Research Funding & Public Image

William Tivol tivol at news.wadsworth.org
Wed Jul 12 16:54:34 EST 1995


alex taylor (ataylor at superior.carleton.ca) wrote:

: >> reports of the highlights of our work for the commissioner.  These have to be
: >> in "barpersons'" terms, and the relevance of the work to public health must
: >> be emphasized.  The relevance to health or to what-
: >> ever socially beneficial area is appropriate is a key to making these sum-
: >> maries work.  Not only must MP's or legislators understand what we do, they

: The assumption here is 1) that the work has immediate, obvious relevance

	Not necessarily, long-term relevance is OK.  E.g. the development of
electron diffraction crystallography as a structure-determining technique will
probably result in the development of new drugs--but not till next century.
This long-term aspect will often be accepted by the public and the legislators.

 2)
: that directed or strategic research is an advisable use of public money,
: or even possible

	I am not advocating directed research, only research which can be rela-
ted to something the public cares about.  The success of "A Brief History of
Time" shows that the public's concerns go beyond the practical, and Hawking
could undoubtedly sell the concept to the legislators as well as he has to the
general public.

 3) it is indeed possible for a laymen to understand
: the work in a meaningful way -- once it has been boiled down
: into colloquial terminology.

	One of Feynman's greatest abilities was in describing his work to the
layman.  My guess is that he could have described QED to a bright 3-year-old.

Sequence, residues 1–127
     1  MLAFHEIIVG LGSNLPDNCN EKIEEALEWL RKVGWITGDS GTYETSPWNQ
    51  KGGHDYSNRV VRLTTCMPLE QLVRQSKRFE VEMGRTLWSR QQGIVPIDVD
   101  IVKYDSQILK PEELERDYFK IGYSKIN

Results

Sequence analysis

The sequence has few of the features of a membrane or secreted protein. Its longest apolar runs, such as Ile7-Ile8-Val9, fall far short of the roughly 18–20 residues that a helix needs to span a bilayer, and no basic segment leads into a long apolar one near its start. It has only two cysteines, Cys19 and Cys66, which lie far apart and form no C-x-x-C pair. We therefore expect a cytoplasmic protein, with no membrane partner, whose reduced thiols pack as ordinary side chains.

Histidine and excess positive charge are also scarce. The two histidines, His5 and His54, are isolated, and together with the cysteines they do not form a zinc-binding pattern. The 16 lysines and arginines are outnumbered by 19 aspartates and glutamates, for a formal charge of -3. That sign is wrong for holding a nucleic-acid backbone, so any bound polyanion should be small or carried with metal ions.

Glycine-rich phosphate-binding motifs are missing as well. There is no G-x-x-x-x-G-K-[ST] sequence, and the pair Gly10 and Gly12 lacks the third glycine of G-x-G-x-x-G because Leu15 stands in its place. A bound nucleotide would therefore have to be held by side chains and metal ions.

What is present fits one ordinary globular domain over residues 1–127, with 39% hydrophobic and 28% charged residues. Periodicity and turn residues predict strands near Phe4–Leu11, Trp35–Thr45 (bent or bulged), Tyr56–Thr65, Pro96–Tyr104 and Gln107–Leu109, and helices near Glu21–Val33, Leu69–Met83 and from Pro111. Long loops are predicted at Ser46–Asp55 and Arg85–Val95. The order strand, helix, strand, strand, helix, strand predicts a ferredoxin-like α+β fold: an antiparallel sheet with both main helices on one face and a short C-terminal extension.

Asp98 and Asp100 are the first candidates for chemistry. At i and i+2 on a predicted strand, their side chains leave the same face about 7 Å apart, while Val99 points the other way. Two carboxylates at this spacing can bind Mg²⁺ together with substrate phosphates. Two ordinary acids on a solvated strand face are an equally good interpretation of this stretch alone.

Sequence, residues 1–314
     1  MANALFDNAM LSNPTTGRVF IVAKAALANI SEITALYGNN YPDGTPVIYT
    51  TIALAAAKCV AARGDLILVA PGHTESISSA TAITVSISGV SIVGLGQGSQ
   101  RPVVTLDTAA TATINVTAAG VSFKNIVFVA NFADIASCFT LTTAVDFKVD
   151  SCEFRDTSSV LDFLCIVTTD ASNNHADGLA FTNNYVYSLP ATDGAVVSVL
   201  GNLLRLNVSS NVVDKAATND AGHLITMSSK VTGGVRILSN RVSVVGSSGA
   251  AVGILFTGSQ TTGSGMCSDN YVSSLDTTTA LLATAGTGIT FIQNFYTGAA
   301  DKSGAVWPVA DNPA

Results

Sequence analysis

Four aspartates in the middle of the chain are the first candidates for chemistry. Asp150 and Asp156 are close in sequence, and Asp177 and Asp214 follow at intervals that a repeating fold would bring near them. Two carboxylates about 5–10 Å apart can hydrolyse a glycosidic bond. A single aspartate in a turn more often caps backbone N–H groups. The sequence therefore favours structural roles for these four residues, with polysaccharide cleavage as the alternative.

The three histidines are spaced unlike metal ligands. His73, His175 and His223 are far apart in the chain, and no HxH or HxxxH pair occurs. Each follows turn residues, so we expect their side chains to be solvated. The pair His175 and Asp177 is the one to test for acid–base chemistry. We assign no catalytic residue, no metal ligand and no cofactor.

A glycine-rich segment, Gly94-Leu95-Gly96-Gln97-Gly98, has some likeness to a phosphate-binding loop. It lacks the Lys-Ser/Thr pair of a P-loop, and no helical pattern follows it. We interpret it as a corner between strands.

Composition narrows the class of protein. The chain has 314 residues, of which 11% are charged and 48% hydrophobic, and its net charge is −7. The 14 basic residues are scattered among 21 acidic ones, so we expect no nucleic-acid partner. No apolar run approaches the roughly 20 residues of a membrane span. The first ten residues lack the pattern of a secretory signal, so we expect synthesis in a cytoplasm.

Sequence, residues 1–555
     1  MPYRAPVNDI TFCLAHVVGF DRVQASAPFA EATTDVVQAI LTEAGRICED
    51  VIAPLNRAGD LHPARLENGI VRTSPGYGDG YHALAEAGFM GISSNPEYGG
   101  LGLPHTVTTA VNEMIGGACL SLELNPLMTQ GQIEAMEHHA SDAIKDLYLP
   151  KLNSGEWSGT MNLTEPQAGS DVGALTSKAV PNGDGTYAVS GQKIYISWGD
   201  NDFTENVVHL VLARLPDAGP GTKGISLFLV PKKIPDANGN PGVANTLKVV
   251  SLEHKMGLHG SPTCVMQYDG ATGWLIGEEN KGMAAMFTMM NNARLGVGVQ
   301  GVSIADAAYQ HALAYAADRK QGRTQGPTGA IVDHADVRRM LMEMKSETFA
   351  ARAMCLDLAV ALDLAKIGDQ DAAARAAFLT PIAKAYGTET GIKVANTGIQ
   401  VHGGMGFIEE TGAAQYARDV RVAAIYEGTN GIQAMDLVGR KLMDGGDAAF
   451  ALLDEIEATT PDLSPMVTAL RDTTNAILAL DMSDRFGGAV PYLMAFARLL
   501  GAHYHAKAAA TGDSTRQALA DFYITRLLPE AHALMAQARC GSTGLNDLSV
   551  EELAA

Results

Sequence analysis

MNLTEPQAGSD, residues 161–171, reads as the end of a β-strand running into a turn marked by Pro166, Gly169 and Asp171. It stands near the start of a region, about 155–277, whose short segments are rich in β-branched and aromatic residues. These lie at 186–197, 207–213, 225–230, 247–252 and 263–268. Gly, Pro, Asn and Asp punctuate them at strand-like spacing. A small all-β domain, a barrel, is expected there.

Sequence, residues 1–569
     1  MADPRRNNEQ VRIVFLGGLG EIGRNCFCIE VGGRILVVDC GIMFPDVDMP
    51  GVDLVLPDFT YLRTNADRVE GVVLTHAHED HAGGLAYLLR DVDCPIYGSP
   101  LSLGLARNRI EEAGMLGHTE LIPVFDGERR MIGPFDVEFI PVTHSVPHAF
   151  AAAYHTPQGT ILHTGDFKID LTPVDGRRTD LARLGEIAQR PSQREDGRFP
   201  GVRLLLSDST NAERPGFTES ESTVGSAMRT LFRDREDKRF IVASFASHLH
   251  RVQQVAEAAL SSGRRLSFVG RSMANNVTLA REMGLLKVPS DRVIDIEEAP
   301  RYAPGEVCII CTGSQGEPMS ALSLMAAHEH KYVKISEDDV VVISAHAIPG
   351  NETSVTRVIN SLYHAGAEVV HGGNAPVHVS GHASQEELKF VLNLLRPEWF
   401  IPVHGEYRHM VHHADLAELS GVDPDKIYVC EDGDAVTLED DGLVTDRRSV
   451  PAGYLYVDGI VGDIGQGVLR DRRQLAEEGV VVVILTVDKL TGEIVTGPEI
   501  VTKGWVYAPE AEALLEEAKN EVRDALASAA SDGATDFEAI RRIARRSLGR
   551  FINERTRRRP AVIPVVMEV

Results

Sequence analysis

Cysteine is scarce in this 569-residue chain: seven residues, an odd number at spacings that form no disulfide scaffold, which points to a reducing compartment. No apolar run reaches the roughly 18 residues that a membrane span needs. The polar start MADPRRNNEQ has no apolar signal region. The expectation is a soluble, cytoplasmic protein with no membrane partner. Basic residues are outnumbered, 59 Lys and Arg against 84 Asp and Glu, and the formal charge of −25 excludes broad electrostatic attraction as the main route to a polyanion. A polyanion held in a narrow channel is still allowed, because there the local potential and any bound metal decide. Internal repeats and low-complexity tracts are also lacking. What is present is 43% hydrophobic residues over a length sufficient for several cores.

: 	I also note that politicians and bureaucrats tend to believe whatever
: hypothesis is most convenient to them at the time, regardless of what their
: scientific advisors tell them.

	Some surely do.  Others do not.  Since we cannot do anything about the
former, we should concentrate on the latter, so there will at least be some
discussion before the convenient hypothesis is set in concrete.

: Therefore I am not sure that a
: laymens' abstract would really make any difference to public policy in
: any event, or that it would prevent further cuts to science funding. An
: example that leaps to mind is the rather unsubtle escapism
: which governments and corporations have indulged in with respect to a
: number of serious environmental and health problems. 

	The layman's abstracts will not work miracles, but they can make a
difference (perhaps very small).  I have continually been pleasantly surprized
at the public's reasonableness on scientific issues.  The example of Cambridge,
MA and DNA research springs to mind.  In spite of the inflamatory retoric on
all sides, the town decided to allow the research under the NIH guidelines--a
reasonable decision.  There will always be the possibility of further cuts to
funding in any field--science is no exception.  I completely agree about the
blindness and denial which many corporations and governments exhibit.  The 
only antidote is information.  This may not change their behaviors, but an in-
formed public can always choose to vote for governments who behave otherwise.
				Yours,
				Bill Tivol



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